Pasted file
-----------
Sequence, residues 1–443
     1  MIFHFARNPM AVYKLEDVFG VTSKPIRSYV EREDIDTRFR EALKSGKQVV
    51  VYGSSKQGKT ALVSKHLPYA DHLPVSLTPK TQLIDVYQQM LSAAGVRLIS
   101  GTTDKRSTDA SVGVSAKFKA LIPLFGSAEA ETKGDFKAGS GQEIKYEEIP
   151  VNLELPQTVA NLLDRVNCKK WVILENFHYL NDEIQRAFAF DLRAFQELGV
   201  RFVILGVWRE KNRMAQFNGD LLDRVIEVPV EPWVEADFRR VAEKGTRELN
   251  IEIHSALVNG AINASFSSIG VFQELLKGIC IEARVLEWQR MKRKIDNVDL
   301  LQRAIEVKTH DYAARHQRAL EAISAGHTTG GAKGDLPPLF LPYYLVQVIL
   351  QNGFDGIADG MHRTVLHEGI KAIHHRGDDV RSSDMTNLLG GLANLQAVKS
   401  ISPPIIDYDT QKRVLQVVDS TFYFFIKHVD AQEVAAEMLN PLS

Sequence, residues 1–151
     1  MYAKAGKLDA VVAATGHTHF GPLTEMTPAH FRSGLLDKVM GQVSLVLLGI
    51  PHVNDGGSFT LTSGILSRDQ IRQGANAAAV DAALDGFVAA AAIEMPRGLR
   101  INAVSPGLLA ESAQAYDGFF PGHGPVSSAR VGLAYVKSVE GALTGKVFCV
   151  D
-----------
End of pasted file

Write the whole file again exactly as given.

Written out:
Sequence, residues 1–443
     1  MIFHFARNPM AVYKLEDVFG VTSKPIRSYV EREDIDTRFR EALKSGKQVV
    51  VYGSSKQGKT ALVSKHLPYA DHLPVSLTPK TQLIDVYQQM LSAAGVRLIS
   101  GTTDKRSTDA SVGVSAKFKA LIPLFGSAEA ETKGDFKAGS GQEIKYEEIP
   151  VNLELPQTVA NLLDRVNCKK WVILENFHYL NDEIQRAFAF DLRAFQELGV
   201  RFVILGVWRE KNRMAQFNGD LLDRVIEVPV EPWVEADFRR VAEKGTRELN
   251  IEIHSALVNG AINASFSSIG VFQELLKGIC IEARVLEWQR MKRKIDNVDL
   301  LQRAIEVKTH DYAARHQRAL EAISAGHTTG GAKGDLPPLF LPYYLVQVIL
   351  QNGFDGIADG MHRTVLHEGI KAIHHRGDDV RSSDMTNLLG GLANLQAVKS
   401  ISPPIIDYDT QKRVLQVVDS TFYFFIKHVD AQEVAAEMLN PLS

Sequence, residues 1–151
     1  MYAKAGKLDA VVAATGHTHF GPLTEMTPAH FRSGLLDKVM GQVSLVLLGI
    51  PHVNDGGSFT LTSGILSRDQ IRQGANAAAV DAALDGFVAA AAIEMPRGLR
   101  INAVSPGLLA ESAQAYDGFF PGHGPVSSAR VGLAYVKSVE GALTGKVFCV
   151  D